Llewellyn Worldwide, Ltd.
View your shopping cart Shopping Cart | My Account | Help | Become a Fan on Facebook Become a Fan | Follow Us on Twitter Follow Us | Watch Us on YouTube Watch Us | Subscribe to our RSS Feeds Subscribe
Browse ProductsAuthorsArticlesBlogsEncyclopediaNewslettersAffiliate ProgramContact UsBooksellers
Advanced Search
NATURE-BASED & PAGAN
Almanacs & Calendars
Animals & Mythical Creatures
Book of Shadows
Celtic & Druid
Cooking & Crafts
Coven
Faeries & Elementals
Family
Folklore & Natural Magic
Goddess & God Worship
Green Spirituality
Healing
Herbalism
History & Biographies
Home & Garden
Pagan
Practical Techniques
Rites of Passage
Ritual
Sabbats & Seasons
Santeria
Shamanism
Solitary Path
Spells
Wicca
Witchcraft
World Paganism

Email Exclusives
Sign up to receive special offers and promotions from Llewellyn.


The Way of Four
The Way of Four
Create Elemental Balance in Your Life

By: Deborah Lipp
Imprint: Llewellyn
Specs: Trade Paperback | 9780738705415
English  |  336 pages | 8 x 9 x 1 IN
Pub Date: August 2004
Price: $23.95 US
In Stock? Available only within the United States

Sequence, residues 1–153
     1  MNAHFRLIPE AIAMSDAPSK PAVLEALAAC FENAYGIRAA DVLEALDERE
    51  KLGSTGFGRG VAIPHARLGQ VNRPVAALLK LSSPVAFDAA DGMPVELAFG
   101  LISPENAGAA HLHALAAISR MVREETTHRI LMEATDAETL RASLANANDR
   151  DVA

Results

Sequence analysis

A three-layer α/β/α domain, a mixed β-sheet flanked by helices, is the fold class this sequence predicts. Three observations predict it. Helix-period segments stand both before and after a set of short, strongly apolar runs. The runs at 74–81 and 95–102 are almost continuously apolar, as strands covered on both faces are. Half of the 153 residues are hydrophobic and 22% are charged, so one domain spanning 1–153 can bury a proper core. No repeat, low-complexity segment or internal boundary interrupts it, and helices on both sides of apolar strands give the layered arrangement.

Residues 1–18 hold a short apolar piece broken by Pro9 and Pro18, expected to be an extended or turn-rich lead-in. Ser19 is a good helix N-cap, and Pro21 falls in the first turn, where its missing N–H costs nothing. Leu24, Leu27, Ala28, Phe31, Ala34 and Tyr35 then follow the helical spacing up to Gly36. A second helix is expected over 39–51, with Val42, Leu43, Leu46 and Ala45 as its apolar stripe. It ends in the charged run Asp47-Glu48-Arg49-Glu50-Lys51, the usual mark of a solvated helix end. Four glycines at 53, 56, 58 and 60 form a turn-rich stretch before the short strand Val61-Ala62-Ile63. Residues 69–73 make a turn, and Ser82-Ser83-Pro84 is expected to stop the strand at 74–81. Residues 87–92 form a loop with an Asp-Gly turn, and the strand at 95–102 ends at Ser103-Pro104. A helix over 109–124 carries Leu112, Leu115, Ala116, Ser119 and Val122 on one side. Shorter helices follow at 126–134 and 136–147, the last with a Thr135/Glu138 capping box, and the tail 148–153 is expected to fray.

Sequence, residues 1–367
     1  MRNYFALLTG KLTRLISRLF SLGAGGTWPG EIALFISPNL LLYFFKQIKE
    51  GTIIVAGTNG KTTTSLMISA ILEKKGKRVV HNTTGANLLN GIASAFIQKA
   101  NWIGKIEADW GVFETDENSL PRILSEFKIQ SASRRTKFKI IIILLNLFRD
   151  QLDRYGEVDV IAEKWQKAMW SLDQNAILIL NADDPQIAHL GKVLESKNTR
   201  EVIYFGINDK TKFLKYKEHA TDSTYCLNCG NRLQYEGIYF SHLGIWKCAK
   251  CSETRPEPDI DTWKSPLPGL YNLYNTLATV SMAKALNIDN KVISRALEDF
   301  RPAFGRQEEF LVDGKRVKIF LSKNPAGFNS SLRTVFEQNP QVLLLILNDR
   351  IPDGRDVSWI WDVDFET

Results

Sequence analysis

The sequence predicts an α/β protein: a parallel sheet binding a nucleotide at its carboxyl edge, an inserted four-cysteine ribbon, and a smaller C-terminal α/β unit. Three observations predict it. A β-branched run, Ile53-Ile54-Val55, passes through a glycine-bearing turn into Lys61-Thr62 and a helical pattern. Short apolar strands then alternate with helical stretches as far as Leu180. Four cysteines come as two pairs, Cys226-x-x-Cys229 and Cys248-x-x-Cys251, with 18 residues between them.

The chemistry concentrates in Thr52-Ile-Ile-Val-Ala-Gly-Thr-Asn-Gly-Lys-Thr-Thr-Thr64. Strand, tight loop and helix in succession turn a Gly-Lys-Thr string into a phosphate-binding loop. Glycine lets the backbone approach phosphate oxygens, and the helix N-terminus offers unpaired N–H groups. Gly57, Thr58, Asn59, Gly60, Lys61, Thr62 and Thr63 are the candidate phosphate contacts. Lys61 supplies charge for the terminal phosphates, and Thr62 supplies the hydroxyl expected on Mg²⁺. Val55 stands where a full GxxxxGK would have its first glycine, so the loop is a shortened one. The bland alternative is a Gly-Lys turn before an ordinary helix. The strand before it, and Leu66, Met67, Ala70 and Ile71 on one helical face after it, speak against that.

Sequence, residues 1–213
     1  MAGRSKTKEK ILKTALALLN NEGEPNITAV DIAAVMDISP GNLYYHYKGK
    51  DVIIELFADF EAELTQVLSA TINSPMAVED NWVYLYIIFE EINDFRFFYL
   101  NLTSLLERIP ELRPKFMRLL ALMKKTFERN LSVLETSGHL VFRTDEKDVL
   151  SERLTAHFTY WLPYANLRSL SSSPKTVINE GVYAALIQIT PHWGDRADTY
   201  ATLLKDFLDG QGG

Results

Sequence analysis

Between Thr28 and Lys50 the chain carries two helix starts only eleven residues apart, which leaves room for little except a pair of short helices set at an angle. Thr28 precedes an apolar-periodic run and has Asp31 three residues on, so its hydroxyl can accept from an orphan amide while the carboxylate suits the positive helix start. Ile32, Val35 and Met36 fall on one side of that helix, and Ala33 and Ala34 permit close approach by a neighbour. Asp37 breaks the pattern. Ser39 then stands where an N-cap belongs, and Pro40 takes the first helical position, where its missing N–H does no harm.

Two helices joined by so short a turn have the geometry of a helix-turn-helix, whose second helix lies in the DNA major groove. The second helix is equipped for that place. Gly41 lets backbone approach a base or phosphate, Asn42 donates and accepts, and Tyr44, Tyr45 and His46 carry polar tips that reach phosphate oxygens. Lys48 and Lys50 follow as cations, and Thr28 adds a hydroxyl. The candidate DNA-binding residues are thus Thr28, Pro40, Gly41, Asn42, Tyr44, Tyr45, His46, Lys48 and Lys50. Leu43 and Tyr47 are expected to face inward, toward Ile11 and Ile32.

Qty:

EXCERPT
MORE INFORMATION
Product Summary
Excerpt
In-depth Description
Publicity Reviews
Table of Contents
(You must be logged in to recommend a product)
   Not yet recommended

CHAPTER ONE

What Are the Elements?

In Wicca and much of the occult, the four elements of Fire, Water, Air, and Earth describe
the universe and everything in it. Everything can be understood as taking part
in one or more elements. Everything that is whole contains all four, and can be understood
more deeply by dividing it into four and viewing it through that lens. The
elements are the building block of creation; they are the beginning of things. The undifferentiated
void that preceded creation had no elements, or, to put it another way,
all elements were One. But creation-things, reality-consists of the elements.
From a scientific point of view, the periodic table of the elements describes the